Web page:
Planning a Trip to the Boundary Waters Canoe Area Wilderness in Minnesota
If you’re looking for a secluded outdoor adventure, the Boundary Waters Canoe Area Wilderness (BWCAW) in Minnesota is perfect.
With over a million acres of pristine wilderness, this has lush forests, crystal-clear lakes, and wildlife you wont want to leave.
Planning a trip to the BWCAW can be overwhelming, especially if you’re a first-time visitor. That’s why we’ve put together the ultimate guide to a wilderness adventure in the Boundary Waters Canoe Area.
From permits and gear to routes and safety tips, this guide has everything you need to know to make the most of your trip to this beautiful location. So sit back, grab a cup of coffee, and start planning your adventure!
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What is the boundary waters canoe area?
The Boundary Waters Canoe Area Wilderness is a rugged wilderness in the heart of the Superior National Forest. Covering over one million acres and straddling the Canadian border.
The area boasts a labyrinth of interconnected lakes and rivers, perfect for anyone looking to paddle, hike, or simply escape into the great outdoors.
Visitors can rent canoes to explore the waterways, camp along the shores, and hike through the surrounding forests.
How big is the Boundary Waters Canoe Area?
The Boundary Waters Canoe Area Wilderness (BWCAW) is a large wilderness area located in northern Minnesota. It covers over 1 million acres of wilderness, with more than 1,000 lakes and thousands of miles of rivers and streams.
The park is part of the larger Superior National forest, which covers 3.9 million acres.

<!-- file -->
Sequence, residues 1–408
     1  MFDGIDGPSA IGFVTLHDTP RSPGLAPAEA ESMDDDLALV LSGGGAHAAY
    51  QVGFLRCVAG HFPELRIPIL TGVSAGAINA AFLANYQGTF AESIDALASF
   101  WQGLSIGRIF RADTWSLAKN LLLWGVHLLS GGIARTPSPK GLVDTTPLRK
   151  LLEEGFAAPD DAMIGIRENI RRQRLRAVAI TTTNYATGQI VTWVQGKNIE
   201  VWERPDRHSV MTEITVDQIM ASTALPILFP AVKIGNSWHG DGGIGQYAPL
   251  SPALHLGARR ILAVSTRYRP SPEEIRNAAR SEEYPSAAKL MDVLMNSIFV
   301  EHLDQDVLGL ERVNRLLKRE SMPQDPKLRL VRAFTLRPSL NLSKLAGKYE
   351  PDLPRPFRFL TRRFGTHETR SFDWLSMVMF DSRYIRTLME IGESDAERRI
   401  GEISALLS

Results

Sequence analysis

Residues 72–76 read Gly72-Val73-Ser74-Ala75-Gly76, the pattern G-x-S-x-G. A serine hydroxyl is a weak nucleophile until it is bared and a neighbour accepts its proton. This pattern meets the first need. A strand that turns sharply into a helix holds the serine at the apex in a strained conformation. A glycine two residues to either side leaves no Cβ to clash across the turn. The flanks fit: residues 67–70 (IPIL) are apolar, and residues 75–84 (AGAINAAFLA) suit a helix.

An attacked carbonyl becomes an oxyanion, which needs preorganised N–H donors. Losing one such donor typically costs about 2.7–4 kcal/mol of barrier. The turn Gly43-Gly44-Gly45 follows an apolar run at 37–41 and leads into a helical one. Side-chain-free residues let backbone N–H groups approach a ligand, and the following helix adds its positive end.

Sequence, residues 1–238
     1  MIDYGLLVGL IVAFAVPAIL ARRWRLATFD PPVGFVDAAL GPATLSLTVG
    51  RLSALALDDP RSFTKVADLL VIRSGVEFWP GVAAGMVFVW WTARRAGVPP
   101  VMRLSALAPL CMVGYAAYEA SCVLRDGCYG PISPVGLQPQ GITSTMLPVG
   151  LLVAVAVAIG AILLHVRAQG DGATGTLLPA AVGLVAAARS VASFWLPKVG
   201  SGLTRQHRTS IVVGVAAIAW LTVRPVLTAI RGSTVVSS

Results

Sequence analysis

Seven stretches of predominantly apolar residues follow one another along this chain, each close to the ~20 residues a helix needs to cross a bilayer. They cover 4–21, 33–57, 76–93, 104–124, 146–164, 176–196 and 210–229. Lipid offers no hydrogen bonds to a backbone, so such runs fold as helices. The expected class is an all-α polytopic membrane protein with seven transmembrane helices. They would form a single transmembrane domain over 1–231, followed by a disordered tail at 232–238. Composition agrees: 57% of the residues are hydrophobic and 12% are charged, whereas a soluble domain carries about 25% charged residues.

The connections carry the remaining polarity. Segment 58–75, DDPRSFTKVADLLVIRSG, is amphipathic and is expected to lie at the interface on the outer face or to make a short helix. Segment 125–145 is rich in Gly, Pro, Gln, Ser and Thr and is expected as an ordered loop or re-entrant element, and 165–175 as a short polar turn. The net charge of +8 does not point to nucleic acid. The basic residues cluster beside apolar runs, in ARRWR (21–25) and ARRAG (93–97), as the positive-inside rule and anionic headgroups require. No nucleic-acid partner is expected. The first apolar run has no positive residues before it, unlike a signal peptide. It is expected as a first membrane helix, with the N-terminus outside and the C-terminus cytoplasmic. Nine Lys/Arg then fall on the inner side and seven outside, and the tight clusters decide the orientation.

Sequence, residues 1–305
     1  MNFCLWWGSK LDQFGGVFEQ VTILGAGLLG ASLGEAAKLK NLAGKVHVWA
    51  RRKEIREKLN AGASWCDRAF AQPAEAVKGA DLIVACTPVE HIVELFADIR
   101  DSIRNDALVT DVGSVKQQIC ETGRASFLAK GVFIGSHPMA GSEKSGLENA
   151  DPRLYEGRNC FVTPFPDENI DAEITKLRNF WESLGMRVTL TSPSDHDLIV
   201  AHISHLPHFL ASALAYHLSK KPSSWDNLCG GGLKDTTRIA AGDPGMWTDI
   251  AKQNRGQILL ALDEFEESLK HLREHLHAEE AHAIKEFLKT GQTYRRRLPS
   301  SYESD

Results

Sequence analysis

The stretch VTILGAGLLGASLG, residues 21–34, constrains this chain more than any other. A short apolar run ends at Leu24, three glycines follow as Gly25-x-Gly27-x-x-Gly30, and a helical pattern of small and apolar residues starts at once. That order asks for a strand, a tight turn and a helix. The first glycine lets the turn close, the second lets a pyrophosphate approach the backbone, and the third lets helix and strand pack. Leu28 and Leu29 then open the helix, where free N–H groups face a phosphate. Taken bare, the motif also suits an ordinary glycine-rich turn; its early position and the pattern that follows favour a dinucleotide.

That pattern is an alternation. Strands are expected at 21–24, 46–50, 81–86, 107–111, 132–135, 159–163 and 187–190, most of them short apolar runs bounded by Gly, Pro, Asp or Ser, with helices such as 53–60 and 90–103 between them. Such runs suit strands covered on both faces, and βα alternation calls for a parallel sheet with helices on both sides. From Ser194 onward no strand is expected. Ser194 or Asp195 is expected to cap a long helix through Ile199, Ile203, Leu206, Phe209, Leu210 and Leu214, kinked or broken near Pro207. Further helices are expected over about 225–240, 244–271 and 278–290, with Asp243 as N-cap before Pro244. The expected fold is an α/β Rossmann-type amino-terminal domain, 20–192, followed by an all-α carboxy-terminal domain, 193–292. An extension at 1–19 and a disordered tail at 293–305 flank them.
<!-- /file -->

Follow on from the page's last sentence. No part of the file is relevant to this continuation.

Because of it’s vast size, it’s a popular spot to see wildlife.
Canida has it’s equivalent of Quetico Provincial Park.
What is the Boundary Waters Canoe Area Wilderness Act?
The Boundary Waters Canoe Area Wilderness Act is a federal law that was first enacted in 1978 with the goal of preserving and protecting the Boundary Waters Canoe Area Wilderness in northern Minnesota.
The act prohibits logging, mining, and other commercial activities within the wilderness area. It also limits the use of motorized vehicles, such as boats and planes, to protect the natural environment.
The Boundary Waters Canoe Area Wilderness Act has been instrumental in maintaining the wilderness area’s pristine beauty and allowing visitors to enjoy outdoor activities like camping, hiking, and canoeing.
Do you need a permit to Canoe in the Boundary Waters?
Permits and fees are an essential part of planning a wilderness trip to the Boundary Waters Canoe Area (BWCA). To obtain a permit, you will need to apply through the recreation.gov website.
While permit availability can be competitive during peak seasons, it is best to be flexible with your travel dates to increase the chances of securing a permit.
Each permit is valid for one entry point and one group for a specific date range, so be sure to double-check your reservation details before your trip.
Fees associated with permits vary depending on the number of people in your group and the duration of your stay. A group of up to nine people can expect to pay $16 per adult per night and $8 per child per night.
Additional fees may be applied for amenities such as motorboat use or overnight camping in entry points that require additional fees.
A permit for Minnesota’s Boundary Waters does not apply to the Quetico. You’ll need a secondary permit to travel there.
Can you day trip to the BWCA without a Permit?